Clint Eastwood

OK, I’m going to hold my hands up and admit that I’m not much of a fan of spaghetti westerns, at least not beyond those made by Sergio Leone. However, although Eastwood had already gone west on TV in Rawhide, it’s the Euro western that made him a star. He brought an Italian macho chic to the traditional image of the cowboy, and in so doing helped breathe new life into a genre that was beginning to look slightly jaded. Along with Wayne, Eastwood has come to define the popular image of the westerner.

Steve McQueen

“The King of Cool” didn’t make all that many westerns but he certainly made an impression whenever he strapped on a six-gun. Building on his success in the TV show Wanted: Dead or Alive, he scored a hit in The Magnificent Seven. His scene stealing antics left director John Sturges bemused, co-star Yul Brynner fuming and audiences very satisfied. He returned to the genre only a handful of times, unfortunately, and his penultimate movie Tom Horn remains underrated to this day.

And there you have it, my “Ten of the Best” western stars. If I were to revisit this list tomorrow I’ve no doubt I would remove some names and add some others, but that’s the nature of such things. I would encourage readers to feel free to chip in and agree or disagree with whatever you like. It is, after all, a bit of fun and nothing more.

 

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Road House

We tend to think of film noir in an urban setting, the iconography of neon and slick, wet streets being such a powerful influence. However, the style isn’t confined to those mean city streets with their ominously shadowed alleyways. Noir can be every bit as effective in a rural or small town environment – the photographic opportunities, while obviously different, still exist and dark existentialism can be found wherever human beings interact. Road House (1948) is one of those partially neglected noir pictures that moves the action out of the city and places it in a small town near the Canadian border, or to be more exact in and around the titular establishment. The somewhat isolated setting works particularly well in this instance, and the classic romantic triangle that underpins the plot has the advantage of involving three top class performers in roles that play to their individual strengths.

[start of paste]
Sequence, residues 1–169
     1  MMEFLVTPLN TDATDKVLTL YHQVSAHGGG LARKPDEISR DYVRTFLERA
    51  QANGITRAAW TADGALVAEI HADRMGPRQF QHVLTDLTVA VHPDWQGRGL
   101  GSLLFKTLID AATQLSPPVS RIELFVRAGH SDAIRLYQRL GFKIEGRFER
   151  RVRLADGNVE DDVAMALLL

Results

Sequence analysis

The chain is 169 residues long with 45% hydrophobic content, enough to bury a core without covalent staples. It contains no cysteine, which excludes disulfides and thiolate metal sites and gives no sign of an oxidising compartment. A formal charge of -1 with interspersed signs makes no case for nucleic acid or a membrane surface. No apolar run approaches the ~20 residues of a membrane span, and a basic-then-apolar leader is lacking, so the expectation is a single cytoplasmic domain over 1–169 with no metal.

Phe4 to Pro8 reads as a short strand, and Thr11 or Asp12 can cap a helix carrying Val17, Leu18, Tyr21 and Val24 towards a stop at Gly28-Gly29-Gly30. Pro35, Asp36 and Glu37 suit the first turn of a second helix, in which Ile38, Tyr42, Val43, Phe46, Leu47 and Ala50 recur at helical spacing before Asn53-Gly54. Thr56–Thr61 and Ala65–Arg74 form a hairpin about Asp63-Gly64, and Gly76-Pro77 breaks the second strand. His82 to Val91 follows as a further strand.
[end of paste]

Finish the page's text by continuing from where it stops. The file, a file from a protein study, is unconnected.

The only alley in Road House is the one with bowling lanes in the business owned by Jefty (Richard Widmark) and managed by his childhood friend Pete (Cornel Wilde). It seems that Jefty inherited his money and kept his old friend by his side after the war ended. At the beginning of the movie both men are on the best of terms, coming across as something akin to business partners as opposed to boss and employee. However, a fly in the ointment is introduced in the shape of Lily Stevens (Ida Lupino), the new lounge singer and, it’s heavily implied, Jefty’s latest squeeze. The opening scene where Pete comes upon the world-weary Lily reclining, shoes off and ever-present cigarette burning on the table edge, in Jefty’s office offers up some great hard-boiled and insolent dialogue. Pete initially flirts and then, as he realizes that Lily is just another in a long line of “entertainers” that Jefty has brought back, fences with the newcomer. Despite Jefty’s obvious enthusiasm, Pete has seen it all before and tries to pack Lily off on the next bus out of town. However, Lily is one of those tough broads from Chicago and has no intention of being bounced so easily. Pete slowly warms to the idea that Lily may after all be good for business when her debut performance (a smoky, throaty rendition of One for my Baby) goes down a storm with the customers. When Jefty heads off for a hunting trip, Pete and Lily find themselves spending more and more time together and their mutual attraction grows. The problem is that neither one of them had cottoned on to the depth of Jefty’s feelings, and it comes as a huge shock when he arrives back with a marriage license in his pocket and a proposal on his lips. The situation’s obviously not a comfortable one so the two lovers decide the only option is to pack up and be on their way. While it was only hinted at and alluded to before, it now becomes clear that Jefty is both devious and emotionally unstable. He arranges to have Pete framed on a trumped-up embezzlement charge and put on trial. But this is only the tip of the iceberg; Jefty uses his influence to swing the court decision and have Pete placed in his custody. Pete is thus transformed into a classic noir dupe, tormented and pushed to the very brink by the increasingly erratic Jefty as Lily can do little but stand helplessly by and watch. The tale powers along towards a terrific and melodramatic climax in the forests along the Canadian border as the former friends go head to head, with love and freedom the prizes at stake.